Sagging then bears much of the same symbolism. When donned outside of the walls of a prison, it is a status symbol, not of citizenship to an empire but of street cred. In its most originalist and sincere context, one might wear it to boast a history of conflict with the law and a dedication to the same in the present and future, while the impracticality of the style necessitates a particular gait and use of the hands to remain dressed, similar to the toga. This communicates no need for practical movement, that the wearer is comfortable being hobbled in this way because they feel no immediate threats, a powerful status symbol that conveys power and confidence. Even when the more aggressive undertones of sagging’s prison origins are divorced from it, this self-assured air remains.

Stop Editing; Relax

I hope all of you managed to consume the assignment for this blog post. No? That’s fine, I’ll just leave it right here. Enjoy it at your leisure before we continue. I’ll wait for you.

Wasn’t that great? Let’s discuss these guys a bit.


Like many people, my introduction to the rap group Das Racist was, unfortunately, Combination Pizza Hut and Taco Bell, at which point I unwisely wrote them off on the basis of a single song. Luckily, a friend of mine linked me to a video from their most recent album, and I quickly became an enthusiastic fan as I listened to more and more of their music. Though it’s not strictly the point of this particular post, the fact that I almost summarily dismissed Das Racist as a jocular stoner rap group, like too many people, and nearly missed out on a talented trio with subtle but powerful social messages illustrates the very purpose of my whole blog.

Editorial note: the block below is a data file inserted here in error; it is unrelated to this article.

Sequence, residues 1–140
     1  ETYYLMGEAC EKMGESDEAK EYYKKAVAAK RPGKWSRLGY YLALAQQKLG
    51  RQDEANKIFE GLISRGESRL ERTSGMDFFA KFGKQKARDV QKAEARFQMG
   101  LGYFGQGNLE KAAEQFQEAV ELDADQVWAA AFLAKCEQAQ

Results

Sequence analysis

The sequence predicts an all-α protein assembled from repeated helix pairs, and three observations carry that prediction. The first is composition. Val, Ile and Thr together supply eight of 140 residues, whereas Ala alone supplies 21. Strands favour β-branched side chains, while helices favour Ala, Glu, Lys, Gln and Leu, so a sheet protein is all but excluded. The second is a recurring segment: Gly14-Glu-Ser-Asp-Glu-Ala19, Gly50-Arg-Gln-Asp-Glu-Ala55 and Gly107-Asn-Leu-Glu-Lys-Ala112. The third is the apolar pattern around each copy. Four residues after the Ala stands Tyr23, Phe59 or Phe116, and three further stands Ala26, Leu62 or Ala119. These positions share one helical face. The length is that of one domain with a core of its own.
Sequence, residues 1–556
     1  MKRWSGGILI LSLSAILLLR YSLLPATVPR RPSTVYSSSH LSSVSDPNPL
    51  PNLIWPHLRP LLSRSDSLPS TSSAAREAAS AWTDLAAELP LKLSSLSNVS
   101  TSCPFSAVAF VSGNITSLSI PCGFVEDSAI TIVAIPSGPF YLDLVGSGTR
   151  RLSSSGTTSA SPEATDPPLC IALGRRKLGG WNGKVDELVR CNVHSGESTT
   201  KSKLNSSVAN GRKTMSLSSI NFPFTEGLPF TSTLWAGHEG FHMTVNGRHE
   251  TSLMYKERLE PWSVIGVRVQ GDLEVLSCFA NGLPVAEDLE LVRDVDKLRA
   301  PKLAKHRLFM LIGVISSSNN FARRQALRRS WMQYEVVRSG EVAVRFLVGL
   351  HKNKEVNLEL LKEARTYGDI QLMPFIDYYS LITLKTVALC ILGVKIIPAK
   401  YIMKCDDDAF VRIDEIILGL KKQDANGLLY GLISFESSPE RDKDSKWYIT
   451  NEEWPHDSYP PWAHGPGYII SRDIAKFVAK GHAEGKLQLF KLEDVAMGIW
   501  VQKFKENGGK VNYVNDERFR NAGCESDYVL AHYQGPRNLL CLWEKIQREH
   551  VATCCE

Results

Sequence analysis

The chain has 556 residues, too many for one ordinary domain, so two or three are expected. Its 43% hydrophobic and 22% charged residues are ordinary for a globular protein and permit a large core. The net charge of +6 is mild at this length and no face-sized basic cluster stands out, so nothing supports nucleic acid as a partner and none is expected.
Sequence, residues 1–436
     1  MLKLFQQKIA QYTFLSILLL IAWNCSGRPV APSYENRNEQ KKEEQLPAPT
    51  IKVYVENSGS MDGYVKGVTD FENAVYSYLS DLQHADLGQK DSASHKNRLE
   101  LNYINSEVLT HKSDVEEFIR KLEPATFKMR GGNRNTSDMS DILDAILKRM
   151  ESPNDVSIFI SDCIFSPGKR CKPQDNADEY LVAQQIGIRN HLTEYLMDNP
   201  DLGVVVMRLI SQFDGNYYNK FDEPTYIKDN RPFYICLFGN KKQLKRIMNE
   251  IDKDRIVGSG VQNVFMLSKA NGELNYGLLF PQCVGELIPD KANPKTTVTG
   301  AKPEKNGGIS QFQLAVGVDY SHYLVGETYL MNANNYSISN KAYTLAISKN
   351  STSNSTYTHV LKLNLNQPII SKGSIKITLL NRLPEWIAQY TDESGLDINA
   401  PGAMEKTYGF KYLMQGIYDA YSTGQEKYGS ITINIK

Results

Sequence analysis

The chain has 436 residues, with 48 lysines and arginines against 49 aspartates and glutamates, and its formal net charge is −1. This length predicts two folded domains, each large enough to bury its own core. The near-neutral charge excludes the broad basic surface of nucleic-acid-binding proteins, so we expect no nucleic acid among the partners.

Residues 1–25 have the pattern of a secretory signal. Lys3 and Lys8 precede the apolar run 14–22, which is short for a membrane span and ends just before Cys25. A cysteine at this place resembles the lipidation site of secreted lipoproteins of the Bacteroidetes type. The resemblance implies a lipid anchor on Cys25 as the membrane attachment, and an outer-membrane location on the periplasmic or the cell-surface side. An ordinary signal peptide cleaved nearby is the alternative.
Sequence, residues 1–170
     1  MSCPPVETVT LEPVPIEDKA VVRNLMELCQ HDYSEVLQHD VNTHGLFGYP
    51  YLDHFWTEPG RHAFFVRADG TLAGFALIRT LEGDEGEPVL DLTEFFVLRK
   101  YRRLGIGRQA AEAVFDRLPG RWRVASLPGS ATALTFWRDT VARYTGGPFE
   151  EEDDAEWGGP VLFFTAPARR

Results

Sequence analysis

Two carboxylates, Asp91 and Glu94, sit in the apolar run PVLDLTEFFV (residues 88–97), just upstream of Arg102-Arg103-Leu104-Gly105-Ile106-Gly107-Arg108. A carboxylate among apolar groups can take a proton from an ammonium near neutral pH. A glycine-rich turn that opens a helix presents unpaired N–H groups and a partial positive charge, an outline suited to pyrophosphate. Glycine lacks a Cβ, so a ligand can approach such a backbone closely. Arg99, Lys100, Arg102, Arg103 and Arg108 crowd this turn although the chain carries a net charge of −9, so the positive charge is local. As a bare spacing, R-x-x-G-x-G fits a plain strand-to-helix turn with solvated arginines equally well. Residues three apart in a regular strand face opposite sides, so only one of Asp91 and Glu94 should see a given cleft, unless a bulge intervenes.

I’m going pretty far afield, though. Let’s get back to this track and take a look at a very specific excerpt at the very end.



Photo: TimeOut

papa need his medicine

reticent to let them in

hesitant bedouin

-Himanshu “Heems” Suri


No doubt those lines and their rhymes are particularly impressive, but I mostly want to take a look at the usage of “reticent” there. Most dictionaries will distinguish between “reticent” and “reluctant” by stipulating that the former involves holding one’s tongue while the latter involves not wanting to take action more generally. When I initially heard the line, it caught my ear. Obviously not wanting to let someone in seems to be a prime candidate for “reluctant” and makes little apparent sense if we’re just talking about someone laconic. “Reluctant” would through the meter and excellent rhyming off, but I thought it would have been easy enough to swap “reticent” with “hesitant” in the next line and all words would fit with proper standard usage. Such a simple solution! Why didn’t they think of that?